Thursday, January 28, 2010

More "good old days" action.

The team had been watching the dope house for days. One of the young officers had made several controlled "buys" and they had enough evidence for a search warrant.

The house was kept under surveillance while the team Sgt prepared the plan for the "home invasion" style raid. All the team officers were given their assignments both primary and contingency. The coppers were all experienced tactical officers who had raided many dope houses in the past. They knew every raid had to be precise yet fluid enough that any unknown obstacle could be overcome when necessary. The entry teams had to take the front and rear doors simultaneously as the support team created diversions at any windows. The take down team had to enter and secure any occupants upon entering. It all had to be done rapidly with the maximum effort to avoid casualties.

The undercover officer approached the house for one more "buy". This established the availability of narcotics in the house and increased the probability of a successful raid. The teams were staged and waiting for the "go" from the Sgt. The undercover officer was given a few minutes to leave the area then the signal was given.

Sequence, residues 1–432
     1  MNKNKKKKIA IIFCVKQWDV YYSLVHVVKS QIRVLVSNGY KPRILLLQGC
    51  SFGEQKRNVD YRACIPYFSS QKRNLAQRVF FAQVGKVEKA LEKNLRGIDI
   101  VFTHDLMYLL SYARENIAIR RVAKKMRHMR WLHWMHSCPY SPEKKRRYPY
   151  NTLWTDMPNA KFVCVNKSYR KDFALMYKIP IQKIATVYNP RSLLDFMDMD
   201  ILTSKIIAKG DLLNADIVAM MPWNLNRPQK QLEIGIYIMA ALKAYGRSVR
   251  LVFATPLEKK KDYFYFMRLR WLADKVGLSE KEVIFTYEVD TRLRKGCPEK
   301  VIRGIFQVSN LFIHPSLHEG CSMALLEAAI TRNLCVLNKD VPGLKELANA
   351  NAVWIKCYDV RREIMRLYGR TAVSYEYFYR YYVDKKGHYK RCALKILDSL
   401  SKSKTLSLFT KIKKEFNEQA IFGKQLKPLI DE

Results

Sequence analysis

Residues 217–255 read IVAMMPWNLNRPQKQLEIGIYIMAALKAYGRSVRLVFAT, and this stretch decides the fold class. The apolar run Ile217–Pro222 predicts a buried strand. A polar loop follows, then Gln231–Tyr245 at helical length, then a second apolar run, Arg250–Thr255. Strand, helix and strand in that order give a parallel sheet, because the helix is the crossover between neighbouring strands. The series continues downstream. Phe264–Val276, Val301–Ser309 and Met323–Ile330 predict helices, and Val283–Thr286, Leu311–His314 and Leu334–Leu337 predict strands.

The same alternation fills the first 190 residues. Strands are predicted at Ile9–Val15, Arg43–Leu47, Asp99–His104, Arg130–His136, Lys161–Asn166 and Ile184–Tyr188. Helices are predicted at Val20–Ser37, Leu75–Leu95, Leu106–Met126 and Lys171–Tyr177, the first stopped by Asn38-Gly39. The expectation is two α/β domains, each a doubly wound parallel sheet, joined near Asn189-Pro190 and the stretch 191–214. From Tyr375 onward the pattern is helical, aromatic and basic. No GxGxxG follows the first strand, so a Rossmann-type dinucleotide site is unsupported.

The street and alley was suddenly filled with police cars as the teams rushed to their positions. The entry teams "knocked" on the doors with their sledge hammers and "chicago bars" (a pry bar used by police and fire personnel). The support teams smashed windows and announced their presence to discourage any escape attempts.

The front door team was having trouble. The door was solid and had a steel reinforced frame. The team leader radioed the problem. The copper assigned to the front basement window had gained entry. He jumped into the room and landed in front of a man who had been watching "Gomer Pyle" on TV. The shocked man jumped up from the couch and ran towards the rear of the basement. The copper heard the radio and realized he was the only copper in the house. All of the doors and windows had bars except for the one he had smashed open. He quickly radioed he was in and ran towards the rear with gun drawn and ready. The fleeing suspect was at the back of the basement trying to shove bags of dope out of the house through an opening in the wall. The copper challenged him, using the old ".45 held to the back of the head" method. The rest of the team had begun to come through the window and was rushing up the stairs to secure the remaining occupants. A large amount of dope was recovered. Several guns were stuffed into the couch cushions where three men had been seated. The ability to improvise and adapt resulted in a successful raid.

Numerous search warrants were served in this manner by the local district tactical teams. That was the old days. The big city police has since changed the way warrants are executed. The S.W.A.T. teams are full time dedicated positions and execute warrants on a daily basis. It's now definitely a young man's job.

It sure was fun though.


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